The Columbus Museum goes live for Slow Art Day with an exhibit they call The Patient Eye. Designed by artist Jonathan VanDyke, The Patient Eye is a live art performance where he views 16 quilts for 3 hours each over a 48 hour period. VanDyke will remain silent as visitors come through and stand or sit next to him and also observe the art.
VanDyke’s performance is currently running during the museum’s hours of 10 a.m. to 4 p.m. It will conclude April 12 with a public dialogue with him and museum administrators.
Admission is Free.
For more information, click here.
With 280 artworks on display at any given time, the Dennos Museum in Traverse City, Michigan wants to help its visitors slow down and take in just a few for Slow Art Day.
“Going to a museum and trying to take in all of the works of art can be just a little bit too much to handle,” said curator of education, Jason Dake, in an interview with the local NPR station.
Helping visitors combat that feeling of being overwhelmed is one of the main reasons we started Slow Art Day back in 2009 and are glad that Jason Dake and his team are leading Slow Art day in Traverse City, Michigan.
If you are near there next weekend, we hope you head to the Dennos Museum and slow down to see just a few of its 280 artworks.
For more information: click here
The Crystal Bridges Museum of American Art in Bentonville, Arkansas is participating again this year in Slow Art Day. The museum, opened in 2011, celebrates the American spirit in a setting that “unites the power of art with the beauty of nature.”
Consistent with their mission, they have designed a special combination event for this year’s Slow Art Day: Slow and Savory Tea.
Here’s how it works is:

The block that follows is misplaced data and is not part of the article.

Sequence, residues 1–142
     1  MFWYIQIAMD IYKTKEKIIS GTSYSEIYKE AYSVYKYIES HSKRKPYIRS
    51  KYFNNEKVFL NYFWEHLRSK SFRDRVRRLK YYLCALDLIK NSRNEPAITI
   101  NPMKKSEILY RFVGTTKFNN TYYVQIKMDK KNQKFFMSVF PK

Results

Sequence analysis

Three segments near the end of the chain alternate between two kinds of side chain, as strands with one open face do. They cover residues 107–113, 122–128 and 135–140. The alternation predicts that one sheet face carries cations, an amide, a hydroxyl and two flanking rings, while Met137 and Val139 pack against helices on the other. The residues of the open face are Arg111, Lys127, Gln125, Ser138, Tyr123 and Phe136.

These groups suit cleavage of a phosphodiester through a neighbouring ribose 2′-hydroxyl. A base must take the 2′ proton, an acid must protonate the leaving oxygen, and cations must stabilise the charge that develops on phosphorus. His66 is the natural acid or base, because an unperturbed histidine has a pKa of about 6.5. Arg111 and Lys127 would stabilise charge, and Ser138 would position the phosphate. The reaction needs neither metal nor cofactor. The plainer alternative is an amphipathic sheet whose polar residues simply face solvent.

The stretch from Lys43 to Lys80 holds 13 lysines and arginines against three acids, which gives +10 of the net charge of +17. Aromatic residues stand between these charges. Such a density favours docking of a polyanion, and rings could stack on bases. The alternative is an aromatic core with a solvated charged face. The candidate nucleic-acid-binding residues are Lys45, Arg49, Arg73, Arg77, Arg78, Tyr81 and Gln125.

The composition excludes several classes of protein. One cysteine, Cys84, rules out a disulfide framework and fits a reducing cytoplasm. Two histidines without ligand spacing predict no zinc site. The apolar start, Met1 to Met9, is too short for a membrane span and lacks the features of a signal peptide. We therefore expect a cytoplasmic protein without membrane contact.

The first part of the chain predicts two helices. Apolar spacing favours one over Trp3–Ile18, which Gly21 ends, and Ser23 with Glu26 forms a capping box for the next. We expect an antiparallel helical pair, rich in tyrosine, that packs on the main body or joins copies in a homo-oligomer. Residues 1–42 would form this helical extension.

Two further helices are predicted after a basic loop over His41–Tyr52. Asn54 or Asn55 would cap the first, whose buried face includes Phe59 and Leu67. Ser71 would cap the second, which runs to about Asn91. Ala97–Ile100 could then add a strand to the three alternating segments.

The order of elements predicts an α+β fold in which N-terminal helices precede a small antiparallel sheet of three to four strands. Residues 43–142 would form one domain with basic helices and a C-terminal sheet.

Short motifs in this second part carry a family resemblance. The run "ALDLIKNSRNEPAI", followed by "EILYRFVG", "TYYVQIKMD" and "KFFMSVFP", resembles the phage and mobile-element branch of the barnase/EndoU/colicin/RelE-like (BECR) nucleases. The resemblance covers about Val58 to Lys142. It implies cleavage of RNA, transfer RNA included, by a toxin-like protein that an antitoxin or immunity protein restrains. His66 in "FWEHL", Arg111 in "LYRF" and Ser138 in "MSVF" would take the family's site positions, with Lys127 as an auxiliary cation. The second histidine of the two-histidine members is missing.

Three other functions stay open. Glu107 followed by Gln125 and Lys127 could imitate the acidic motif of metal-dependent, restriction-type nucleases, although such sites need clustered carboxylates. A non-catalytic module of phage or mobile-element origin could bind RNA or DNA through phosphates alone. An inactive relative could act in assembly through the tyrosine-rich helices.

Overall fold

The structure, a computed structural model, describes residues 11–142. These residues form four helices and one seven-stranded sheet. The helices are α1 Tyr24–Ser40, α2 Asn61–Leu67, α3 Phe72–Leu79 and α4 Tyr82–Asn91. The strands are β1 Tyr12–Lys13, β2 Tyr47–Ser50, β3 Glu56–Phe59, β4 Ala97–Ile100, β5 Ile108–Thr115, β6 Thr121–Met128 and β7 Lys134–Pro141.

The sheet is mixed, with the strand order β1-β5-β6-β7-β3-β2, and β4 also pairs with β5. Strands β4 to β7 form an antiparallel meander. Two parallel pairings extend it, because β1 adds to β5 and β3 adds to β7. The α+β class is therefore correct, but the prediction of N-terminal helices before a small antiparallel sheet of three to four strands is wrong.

- First visitors start with tea and treats
The goal is to put participants in a “calm, meditative mindset” before entering the galleries.xxxxxxxxxxxxxxxxxxxxxxxxxxxxxxxxxxxxxxxxxxxxxxxxxxxxxxxxxxxxxxxxxxxxxxxxxxxxxxx
- Then, special in-gallery activities
Once visitors are calm and ready to go, they then head in to the galleries ready to “slow down and savor” the art
This Slow Art Day event is free for Crystal Bridges members (although registration is required). Members can register here or by calling 479.418.5728.
The National Museum of Women in the Arts is a longtime leader in the Slow Art Day movement, and they are hosting again this year. Based in Washington, DC, this wonderful institution takes seriously how to help its audience learn how to slow down and really see art by women.
On their Slow Art Day page, they begin by quoting the wonderful Georgia O’Keeffe:
“…to see takes time, like to have a friend takes time”
We couldn’t agree more. Good friendships require time and so does the art of looking at art.
The museum also suggests several other reasons people should participate in Slow Art Day:
- To break out of your typical “go, go, go” routine.
- To learn about yourself, fellow participants, and the creative expressions of women artists.
- To make discoveries about and forge connections with artwork.
For Slow Art Day, their staff will make artwork suggestions and provide questions to consider as you slow down and look.
So, if you are based in DC, or traveling there on Slow Art Day 2018, we hope you will consider going to the National Museum of Women in the Arts.
You can register here for their event, which is free with museum admission.